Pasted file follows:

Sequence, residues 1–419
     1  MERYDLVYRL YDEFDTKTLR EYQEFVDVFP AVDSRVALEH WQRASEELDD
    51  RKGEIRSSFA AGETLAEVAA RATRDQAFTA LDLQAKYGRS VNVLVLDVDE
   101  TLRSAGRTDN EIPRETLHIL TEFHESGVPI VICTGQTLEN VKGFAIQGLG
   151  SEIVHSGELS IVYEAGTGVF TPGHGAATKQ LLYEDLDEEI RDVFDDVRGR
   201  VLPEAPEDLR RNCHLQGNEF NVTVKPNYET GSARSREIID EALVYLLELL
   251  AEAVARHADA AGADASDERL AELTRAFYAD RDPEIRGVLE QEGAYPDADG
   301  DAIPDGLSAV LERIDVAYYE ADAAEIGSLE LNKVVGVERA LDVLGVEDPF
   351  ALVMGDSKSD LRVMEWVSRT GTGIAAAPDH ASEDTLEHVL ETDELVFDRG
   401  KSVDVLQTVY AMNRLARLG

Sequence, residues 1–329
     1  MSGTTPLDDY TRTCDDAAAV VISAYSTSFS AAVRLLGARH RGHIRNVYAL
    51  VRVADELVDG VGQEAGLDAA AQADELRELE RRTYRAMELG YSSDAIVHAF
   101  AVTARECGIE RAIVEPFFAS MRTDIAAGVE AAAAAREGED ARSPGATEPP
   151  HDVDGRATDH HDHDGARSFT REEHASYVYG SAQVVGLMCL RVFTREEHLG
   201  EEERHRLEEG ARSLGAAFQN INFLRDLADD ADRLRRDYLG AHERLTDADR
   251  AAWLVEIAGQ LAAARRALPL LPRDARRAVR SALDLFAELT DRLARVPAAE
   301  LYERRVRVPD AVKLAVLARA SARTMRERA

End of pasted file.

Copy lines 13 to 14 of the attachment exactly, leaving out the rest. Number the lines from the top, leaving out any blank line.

    51  VRVADELVDG VGQEAGLDAA AQADELRELE RRTYRAMELG YSSDAIVHAF
   101  AVTARECGIE RAIVEPFFAS MRTDIAAGVE AAAAAREGED ARSPGATEPP